CHICAGO (Reuters) - Older Americans have more money and are expected to live far longer than prior generations, U.S. government researchers said on Thursday.
They said the average net worth of older Americans — those 65 or older — has increased almost 80 percent over the past 20 years.
And those who reach the age of 65 are now expected to live an average of 19 more years, or seven years longer than people who had reached age 65 in the year 1900.
The findings are part a report released on Thursday called Older Americans 2008: Key Indicators of Well-Being, which features data from 15 federal agencies on trends in population, economics and health issues.
“It gives you a status report of the older population,” said Richard Suzman of the National Institute on Aging, a part of the National Institutes of Health.
“We’ve seen significant improvements in poverty. The percent of those with low income has gone down, education has increased, life expectancy has increased,” Suzman said.
“But there are some notes of concern. Obesity has gone up quite significantly. And there are some large disparities. The life expectancy gap between whites and blacks has narrowed but is still large. There is a big wealth gap between whites and blacks,” he said in a telephone interview.
The report forecasts that by 2030, the number of Americans over the age of 65 will nearly double to 71.5 million, or 20 percent of the U.S. population, up from 12 percent, or 37 million people, in 2006.
It found that older adults in the United States are far better educated than prior generations. In 2007, 76 percent of those over 65 had high school diplomas, and at least 19 percent had a bachelor’s degree, up from 24 percent with high school diplomas in 1965 and just 5 percent with bachelor’s degrees.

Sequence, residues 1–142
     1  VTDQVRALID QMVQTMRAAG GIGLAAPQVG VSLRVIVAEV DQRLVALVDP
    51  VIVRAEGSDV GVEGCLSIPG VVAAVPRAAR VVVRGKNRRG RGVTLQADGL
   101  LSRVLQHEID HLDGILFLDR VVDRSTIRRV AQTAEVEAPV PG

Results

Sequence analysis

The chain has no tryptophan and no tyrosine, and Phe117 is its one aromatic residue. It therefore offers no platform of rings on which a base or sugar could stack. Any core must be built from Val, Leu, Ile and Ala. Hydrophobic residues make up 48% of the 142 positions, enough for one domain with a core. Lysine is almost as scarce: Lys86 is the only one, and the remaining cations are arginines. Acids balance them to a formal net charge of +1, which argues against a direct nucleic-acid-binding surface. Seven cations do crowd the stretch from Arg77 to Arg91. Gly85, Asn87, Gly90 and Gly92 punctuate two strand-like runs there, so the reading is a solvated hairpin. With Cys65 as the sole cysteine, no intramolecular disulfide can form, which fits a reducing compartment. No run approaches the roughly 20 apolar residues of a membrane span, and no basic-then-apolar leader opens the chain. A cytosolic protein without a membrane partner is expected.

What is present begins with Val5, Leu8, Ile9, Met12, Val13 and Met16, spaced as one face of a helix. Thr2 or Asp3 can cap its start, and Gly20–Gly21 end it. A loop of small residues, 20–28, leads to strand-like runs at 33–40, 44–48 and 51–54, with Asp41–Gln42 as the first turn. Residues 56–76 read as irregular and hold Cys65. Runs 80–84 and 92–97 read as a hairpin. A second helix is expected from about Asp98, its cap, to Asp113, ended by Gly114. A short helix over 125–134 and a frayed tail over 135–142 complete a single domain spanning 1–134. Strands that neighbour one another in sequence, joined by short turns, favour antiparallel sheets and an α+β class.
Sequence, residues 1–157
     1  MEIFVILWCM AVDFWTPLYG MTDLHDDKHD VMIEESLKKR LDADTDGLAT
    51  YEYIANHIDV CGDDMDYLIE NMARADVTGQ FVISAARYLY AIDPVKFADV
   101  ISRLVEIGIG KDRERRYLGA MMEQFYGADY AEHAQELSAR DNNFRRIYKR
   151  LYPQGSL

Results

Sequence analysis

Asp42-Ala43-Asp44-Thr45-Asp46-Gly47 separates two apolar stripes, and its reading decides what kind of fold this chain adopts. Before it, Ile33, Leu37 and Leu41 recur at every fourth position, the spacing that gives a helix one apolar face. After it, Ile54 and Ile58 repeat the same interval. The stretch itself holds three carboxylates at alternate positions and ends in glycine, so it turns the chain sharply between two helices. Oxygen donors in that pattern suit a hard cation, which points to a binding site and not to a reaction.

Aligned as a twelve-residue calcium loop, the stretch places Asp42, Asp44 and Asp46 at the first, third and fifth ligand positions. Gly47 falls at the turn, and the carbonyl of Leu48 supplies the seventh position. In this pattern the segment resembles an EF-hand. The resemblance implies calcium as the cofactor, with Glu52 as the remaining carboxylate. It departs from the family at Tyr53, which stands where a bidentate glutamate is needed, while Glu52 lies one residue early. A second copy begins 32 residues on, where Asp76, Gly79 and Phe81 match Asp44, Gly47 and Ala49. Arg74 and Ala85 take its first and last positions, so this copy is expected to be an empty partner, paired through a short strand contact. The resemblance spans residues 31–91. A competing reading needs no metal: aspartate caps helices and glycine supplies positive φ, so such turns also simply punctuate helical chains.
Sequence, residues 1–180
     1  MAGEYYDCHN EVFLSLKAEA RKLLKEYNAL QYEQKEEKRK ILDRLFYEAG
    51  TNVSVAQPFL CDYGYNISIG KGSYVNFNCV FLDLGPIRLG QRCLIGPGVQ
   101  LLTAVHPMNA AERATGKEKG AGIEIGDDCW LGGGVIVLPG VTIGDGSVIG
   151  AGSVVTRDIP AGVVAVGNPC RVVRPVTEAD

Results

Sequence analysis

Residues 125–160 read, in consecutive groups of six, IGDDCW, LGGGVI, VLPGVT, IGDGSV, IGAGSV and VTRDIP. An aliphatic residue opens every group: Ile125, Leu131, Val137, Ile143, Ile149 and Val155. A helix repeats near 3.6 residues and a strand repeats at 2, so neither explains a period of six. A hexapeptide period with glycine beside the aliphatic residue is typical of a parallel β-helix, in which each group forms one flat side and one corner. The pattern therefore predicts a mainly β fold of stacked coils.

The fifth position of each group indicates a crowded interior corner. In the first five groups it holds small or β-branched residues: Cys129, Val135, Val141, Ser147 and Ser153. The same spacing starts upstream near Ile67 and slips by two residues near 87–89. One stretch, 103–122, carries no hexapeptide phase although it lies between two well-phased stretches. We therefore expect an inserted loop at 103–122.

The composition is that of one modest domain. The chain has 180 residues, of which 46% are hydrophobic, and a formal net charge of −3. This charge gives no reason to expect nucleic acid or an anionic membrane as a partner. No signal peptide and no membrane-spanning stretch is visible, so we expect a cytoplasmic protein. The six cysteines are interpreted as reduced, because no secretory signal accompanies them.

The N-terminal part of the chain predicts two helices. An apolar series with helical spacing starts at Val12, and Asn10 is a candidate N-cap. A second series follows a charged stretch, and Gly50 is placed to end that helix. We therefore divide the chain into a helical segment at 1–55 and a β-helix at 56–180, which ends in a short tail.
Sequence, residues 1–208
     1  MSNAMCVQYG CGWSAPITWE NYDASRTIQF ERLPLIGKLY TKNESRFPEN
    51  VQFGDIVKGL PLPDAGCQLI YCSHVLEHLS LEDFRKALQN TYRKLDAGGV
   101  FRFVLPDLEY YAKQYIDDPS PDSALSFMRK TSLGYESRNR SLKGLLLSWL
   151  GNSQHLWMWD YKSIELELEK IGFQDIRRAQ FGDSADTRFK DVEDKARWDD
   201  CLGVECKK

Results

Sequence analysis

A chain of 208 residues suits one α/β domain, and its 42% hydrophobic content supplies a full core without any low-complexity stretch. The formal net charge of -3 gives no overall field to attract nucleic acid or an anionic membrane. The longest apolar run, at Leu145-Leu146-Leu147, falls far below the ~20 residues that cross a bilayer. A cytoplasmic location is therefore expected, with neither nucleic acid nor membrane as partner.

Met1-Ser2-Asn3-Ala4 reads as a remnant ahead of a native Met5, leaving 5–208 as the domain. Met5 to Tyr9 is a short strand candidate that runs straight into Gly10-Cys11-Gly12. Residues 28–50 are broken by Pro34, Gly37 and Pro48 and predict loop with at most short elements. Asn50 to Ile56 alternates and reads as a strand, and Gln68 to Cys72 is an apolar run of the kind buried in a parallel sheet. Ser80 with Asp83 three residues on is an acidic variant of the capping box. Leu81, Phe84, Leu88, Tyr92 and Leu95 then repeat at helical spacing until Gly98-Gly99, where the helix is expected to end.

But much of those gains in education were enjoyed by non-Hispanic whites over the age of 65. Eighty-one percent of non-Hispanic whites age 65 and older had finished high school in 2007, compared with 72 percent of Asians, 58 percent of blacks and only 42 percent of older Hispanics.
And while the proportion of people with incomes below the poverty line fell to 9 percent in 2006, down from 15 percent in 1974, median net worth for households headed by white people aged 65 and older in 2005 was six times that of households headed by blacks.
Not surprisingly, older Americans, like many other groups, are getting fatter, the researchers said. In the 2005-2006 study period, 37 percent of women aged 65 to 74 were obese, and 24 percent of women age 75 and over were obese. This is up from the 1988-1994 study period, when 27 percent of women age 65 to 74 and 19 percent of women age 75 and over were obese.
Despite many studies touting the benefits of exercise, the report found no significant change in the percentage of older people engaged in physical activity between 1997 and 2006.
While the report noted that Americans are living longer than ever before, life expectancy in the United States still lags many other industrialized countries, including Canada, France, Sweden and Japan.
For example, women in Japan who reached the age of 65 in 2003 could expect to live 3.2 years longer than women in the United States. Men in Japan who reached age 65 lived 1.2 years longer than men in the United States.
The report is available online at www.AgingStats.gov.
Editing by Will Dunham and Philip Barbara